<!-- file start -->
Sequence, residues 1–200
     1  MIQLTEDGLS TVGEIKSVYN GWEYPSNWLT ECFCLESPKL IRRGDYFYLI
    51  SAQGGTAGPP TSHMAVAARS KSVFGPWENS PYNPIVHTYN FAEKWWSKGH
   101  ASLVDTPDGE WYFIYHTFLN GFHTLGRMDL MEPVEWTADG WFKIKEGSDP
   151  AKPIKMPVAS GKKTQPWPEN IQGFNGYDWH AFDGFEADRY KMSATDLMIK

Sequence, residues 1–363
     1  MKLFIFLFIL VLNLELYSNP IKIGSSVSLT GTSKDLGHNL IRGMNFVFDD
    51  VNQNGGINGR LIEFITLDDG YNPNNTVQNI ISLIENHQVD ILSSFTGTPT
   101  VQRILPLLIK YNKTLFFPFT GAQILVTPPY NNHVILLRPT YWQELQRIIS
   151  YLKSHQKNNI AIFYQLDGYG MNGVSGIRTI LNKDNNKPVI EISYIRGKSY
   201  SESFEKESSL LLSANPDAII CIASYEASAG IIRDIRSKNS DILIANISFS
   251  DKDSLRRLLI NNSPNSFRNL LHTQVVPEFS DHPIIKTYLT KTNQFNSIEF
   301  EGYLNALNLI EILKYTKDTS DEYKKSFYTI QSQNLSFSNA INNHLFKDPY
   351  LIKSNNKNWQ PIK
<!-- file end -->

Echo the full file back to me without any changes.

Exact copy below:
Sequence, residues 1–200
     1  MIQLTEDGLS TVGEIKSVYN GWEYPSNWLT ECFCLESPKL IRRGDYFYLI
    51  SAQGGTAGPP TSHMAVAARS KSVFGPWENS PYNPIVHTYN FAEKWWSKGH
   101  ASLVDTPDGE WYFIYHTFLN GFHTLGRMDL MEPVEWTADG WFKIKEGSDP
   151  AKPIKMPVAS GKKTQPWPEN IQGFNGYDWH AFDGFEADRY KMSATDLMIK

Sequence, residues 1–363
     1  MKLFIFLFIL VLNLELYSNP IKIGSSVSLT GTSKDLGHNL IRGMNFVFDD
    51  VNQNGGINGR LIEFITLDDG YNPNNTVQNI ISLIENHQVD ILSSFTGTPT
   101  VQRILPLLIK YNKTLFFPFT GAQILVTPPY NNHVILLRPT YWQELQRIIS
   151  YLKSHQKNNI AIFYQLDGYG MNGVSGIRTI LNKDNNKPVI EISYIRGKSY
   201  SESFEKESSL LLSANPDAII CIASYEASAG IIRDIRSKNS DILIANISFS
   251  DKDSLRRLLI NNSPNSFRNL LHTQVVPEFS DHPIIKTYLT KTNQFNSIEF
   301  EGYLNALNLI EILKYTKDTS DEYKKSFYTI QSQNLSFSNA INNHLFKDPY
   351  LIKSNNKNWQ PIK